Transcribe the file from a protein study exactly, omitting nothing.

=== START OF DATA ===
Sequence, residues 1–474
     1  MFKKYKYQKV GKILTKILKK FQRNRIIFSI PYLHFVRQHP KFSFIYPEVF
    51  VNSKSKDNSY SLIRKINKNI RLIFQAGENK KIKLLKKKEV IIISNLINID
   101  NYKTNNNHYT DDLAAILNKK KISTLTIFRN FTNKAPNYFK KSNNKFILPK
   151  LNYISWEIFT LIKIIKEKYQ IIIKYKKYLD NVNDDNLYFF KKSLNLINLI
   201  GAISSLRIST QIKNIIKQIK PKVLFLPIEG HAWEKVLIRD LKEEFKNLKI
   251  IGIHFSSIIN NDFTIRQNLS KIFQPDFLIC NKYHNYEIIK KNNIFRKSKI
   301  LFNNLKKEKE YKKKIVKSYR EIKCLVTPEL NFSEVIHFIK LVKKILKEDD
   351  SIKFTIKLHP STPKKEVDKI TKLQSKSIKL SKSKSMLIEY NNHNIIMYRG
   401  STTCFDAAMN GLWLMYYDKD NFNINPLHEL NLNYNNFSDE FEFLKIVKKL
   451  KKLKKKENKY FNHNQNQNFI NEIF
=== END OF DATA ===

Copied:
Sequence, residues 1–474
     1  MFKKYKYQKV GKILTKILKK FQRNRIIFSI PYLHFVRQHP KFSFIYPEVF
    51  VNSKSKDNSY SLIRKINKNI RLIFQAGENK KIKLLKKKEV IIISNLINID
   101  NYKTNNNHYT DDLAAILNKK KISTLTIFRN FTNKAPNYFK KSNNKFILPK
   151  LNYISWEIFT LIKIIKEKYQ IIIKYKKYLD NVNDDNLYFF KKSLNLINLI
   201  GAISSLRIST QIKNIIKQIK PKVLFLPIEG HAWEKVLIRD LKEEFKNLKI
   251  IGIHFSSIIN NDFTIRQNLS KIFQPDFLIC NKYHNYEIIK KNNIFRKSKI
   301  LFNNLKKEKE YKKKIVKSYR EIKCLVTPEL NFSEVIHFIK LVKKILKEDD
   351  SIKFTIKLHP STPKKEVDKI TKLQSKSIKL SKSKSMLIEY NNHNIIMYRG
   401  STTCFDAAMN GLWLMYYDKD NFNINPLHEL NLNYNNFSDE FEFLKIVKKL
   451  KKLKKKENKY FNHNQNQNFI NEIF